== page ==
The lysozyme-enhanced milk used in this study came from a transgenic line of dairy goats developed in 1999 by Murray, co-author Elizabeth Maga and their colleagues to carry the gene for producing human lysozyme in their milk.


Story Source:

The above story is based on materials provided by University of California - Davis. Note: Materials may be edited for content and length.


Journal Reference:

  1. Caitlin A. Cooper, Lydia C. Garas Klobas, Elizabeth A. Maga, James D. Murray. Consuming Transgenic Goats' Milk Containing the Antimicrobial Protein Lysozyme Helps Resolve Diarrhea in Young Pigs. PLoS ONE, 2013; 8 (3): e58409 DOI: 10.1371/journal.pone.0058409

Cite This Page:

University of California - Davis. "Goats' milk with antimicrobial lysozyme speeds recovery from diarrhea." ScienceDaily. ScienceDaily, 13 March 2013. <www.sciencedaily.com/releases/2013/03/130313182140.htm>.
University of California - Davis. (2013, March 13). Goats' milk with antimicrobial lysozyme speeds recovery from diarrhea. ScienceDaily. Retrieved September 23, 2014 from www.sciencedaily.com/releases/2013/03/130313182140.htm
University of California - Davis. "Goats' milk with antimicrobial lysozyme speeds recovery from diarrhea." ScienceDaily. www.sciencedaily.com/releases/2013/03/130313182140.htm (accessed September 23, 2014).

Share This



More Health & Medicine News

Tuesday, September 23, 2014

Featured Research

from universities, journals, and other organizations


Featured Videos

from AP, Reuters, AFP, and other news services

Ebola Costs Keep Mounting

Ebola Costs Keep Mounting

Reuters - Business Video Online (Sep. 23, 2014) The WHO has warned up to 20,000 people could be infected with Ebola over the next few weeks. As Sonia Legg reports, the implications for the West African countries suffering from the disease are huge. Video provided by Reuters
Powered by NewsLook.com
Ebola Cases Could Reach 1.4 Million Within 4 Months

Ebola Cases Could Reach 1.4 Million Within 4 Months

Newsy (Sep. 23, 2014) Health officials warn that without further intervention, the number of Ebola cases in Liberia and Sierra Leone could reach 1.4 million by January. Video provided by Newsy
Powered by NewsLook.com
WHO: Ebola Cases to Triple in Weeks Without Drastic Action

WHO: Ebola Cases to Triple in Weeks Without Drastic Action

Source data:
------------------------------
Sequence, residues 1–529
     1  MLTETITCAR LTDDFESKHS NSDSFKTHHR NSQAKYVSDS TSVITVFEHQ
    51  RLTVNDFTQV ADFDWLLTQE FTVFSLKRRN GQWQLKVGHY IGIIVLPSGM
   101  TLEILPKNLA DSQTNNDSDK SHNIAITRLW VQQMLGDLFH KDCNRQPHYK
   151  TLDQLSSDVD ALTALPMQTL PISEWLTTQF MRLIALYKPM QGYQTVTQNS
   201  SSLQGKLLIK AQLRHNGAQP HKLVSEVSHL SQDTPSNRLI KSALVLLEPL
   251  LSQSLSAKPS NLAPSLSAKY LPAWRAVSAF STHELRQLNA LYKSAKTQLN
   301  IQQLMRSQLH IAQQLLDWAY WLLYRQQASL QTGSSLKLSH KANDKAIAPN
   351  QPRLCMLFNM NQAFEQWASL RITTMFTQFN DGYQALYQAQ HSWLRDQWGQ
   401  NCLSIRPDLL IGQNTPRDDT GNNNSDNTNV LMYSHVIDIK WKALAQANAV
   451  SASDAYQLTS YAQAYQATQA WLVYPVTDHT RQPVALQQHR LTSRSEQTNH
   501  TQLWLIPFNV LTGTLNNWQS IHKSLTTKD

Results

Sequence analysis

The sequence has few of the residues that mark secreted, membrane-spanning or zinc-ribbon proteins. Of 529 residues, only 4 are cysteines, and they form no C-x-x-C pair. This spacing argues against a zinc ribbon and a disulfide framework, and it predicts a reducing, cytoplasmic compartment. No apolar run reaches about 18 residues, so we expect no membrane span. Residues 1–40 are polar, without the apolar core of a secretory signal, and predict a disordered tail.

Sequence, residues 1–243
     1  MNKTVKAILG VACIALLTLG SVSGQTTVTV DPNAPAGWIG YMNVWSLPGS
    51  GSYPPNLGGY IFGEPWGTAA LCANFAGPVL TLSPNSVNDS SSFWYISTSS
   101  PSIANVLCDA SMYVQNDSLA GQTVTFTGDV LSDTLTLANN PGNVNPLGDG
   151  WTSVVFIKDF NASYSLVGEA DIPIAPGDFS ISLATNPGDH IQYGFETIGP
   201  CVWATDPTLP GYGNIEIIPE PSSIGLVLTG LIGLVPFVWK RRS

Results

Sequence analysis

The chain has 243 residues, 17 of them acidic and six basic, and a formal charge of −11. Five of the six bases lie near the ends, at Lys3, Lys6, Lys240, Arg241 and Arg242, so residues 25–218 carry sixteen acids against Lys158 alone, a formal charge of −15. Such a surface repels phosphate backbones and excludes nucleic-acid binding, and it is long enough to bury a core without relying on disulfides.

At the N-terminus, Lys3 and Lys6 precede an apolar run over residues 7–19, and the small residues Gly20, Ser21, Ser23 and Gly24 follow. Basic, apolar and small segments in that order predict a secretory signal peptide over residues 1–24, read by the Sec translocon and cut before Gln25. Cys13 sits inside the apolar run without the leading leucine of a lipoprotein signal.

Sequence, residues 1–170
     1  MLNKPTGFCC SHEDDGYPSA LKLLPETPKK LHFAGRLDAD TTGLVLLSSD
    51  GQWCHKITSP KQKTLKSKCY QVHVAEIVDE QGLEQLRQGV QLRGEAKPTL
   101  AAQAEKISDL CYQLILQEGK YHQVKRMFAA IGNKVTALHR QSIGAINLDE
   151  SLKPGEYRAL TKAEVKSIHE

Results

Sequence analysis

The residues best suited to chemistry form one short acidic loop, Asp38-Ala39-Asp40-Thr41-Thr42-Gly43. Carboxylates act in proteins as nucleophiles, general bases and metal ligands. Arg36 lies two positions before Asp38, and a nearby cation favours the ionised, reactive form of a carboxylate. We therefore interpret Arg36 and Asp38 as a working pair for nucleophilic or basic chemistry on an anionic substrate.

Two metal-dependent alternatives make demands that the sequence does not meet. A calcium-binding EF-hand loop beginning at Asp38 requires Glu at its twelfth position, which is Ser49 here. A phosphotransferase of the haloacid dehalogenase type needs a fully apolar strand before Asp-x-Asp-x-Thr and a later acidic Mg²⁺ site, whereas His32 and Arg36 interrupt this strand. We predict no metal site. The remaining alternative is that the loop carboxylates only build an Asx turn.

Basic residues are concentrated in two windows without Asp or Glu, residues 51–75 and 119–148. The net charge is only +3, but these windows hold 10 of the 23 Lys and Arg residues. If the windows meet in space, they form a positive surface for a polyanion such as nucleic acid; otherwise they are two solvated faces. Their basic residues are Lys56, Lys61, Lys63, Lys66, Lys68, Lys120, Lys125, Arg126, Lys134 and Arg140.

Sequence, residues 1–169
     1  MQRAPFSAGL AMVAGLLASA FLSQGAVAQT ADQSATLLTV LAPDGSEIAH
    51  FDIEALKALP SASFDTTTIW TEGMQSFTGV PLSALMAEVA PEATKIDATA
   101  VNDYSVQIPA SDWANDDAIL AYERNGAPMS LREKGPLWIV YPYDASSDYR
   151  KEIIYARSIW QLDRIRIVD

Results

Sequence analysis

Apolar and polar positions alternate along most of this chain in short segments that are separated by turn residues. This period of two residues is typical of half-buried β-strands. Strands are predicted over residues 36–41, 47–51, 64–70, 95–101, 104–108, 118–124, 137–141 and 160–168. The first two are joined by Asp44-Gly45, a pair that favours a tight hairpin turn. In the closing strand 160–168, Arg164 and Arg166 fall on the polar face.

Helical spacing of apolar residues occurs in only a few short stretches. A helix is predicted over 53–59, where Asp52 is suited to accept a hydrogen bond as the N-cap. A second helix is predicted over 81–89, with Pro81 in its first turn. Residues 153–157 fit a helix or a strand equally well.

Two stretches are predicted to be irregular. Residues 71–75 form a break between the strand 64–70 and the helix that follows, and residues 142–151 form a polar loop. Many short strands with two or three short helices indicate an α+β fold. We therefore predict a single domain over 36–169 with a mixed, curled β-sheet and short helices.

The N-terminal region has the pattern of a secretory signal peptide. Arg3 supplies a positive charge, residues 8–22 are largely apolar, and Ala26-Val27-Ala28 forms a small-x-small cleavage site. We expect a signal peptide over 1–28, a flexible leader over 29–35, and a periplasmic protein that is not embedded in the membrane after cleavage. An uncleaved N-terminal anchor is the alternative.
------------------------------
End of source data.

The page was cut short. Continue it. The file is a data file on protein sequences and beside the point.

AFP (Sep. 23, 2014) The number of Ebola infections will triple to 20,000 by November, soaring by thousands every week if efforts to stop the outbreak are not stepped up radically, the WHO warned in a study on Tuesday. Duration: 01:01 Video provided by AFP
Powered by NewsLook.com
5 Ways Men Can Prevent Most Heart Attacks

5 Ways Men Can Prevent Most Heart Attacks

Newsy (Sep. 23, 2014) No surprise here: A recent study says men can reduce their risk of heart attack by maintaining a healthy lifestyle, which includes daily exercise. Video provided by Newsy
Powered by NewsLook.com

Search ScienceDaily

Number of stories in archives: 140,361

Find with keyword(s):
Enter a keyword or phrase to search ScienceDaily for related topics and research stories.

Save/Print:
Share:

Breaking News:

Strange & Offbeat Stories


Health & Medicine

Mind & Brain

Living & Well

In Other News

... from NewsDaily.com

Science News

Health News

Environment News

Technology News



Save/Print:
Share:

Free Subscriptions


Get the latest science news with ScienceDaily's free email newsletters, updated daily and weekly. Or view hourly updated newsfeeds in your RSS reader:

Get Social & Mobile


Keep up to date with the latest news from ScienceDaily via social networks and mobile apps:

Have Feedback?


Tell us what you think of ScienceDaily -- we welcome both positive and negative comments. Have any problems using the site? Questions?
Mobile: iPhone Android Web
Follow: Facebook Twitter Google+
Subscribe: RSS Feeds Email Newsletters
Latest Headlines Health & Medicine Mind & Brain Space & Time Matter & Energy Computers & Math Plants & Animals Earth & Climate Fossils & Ruins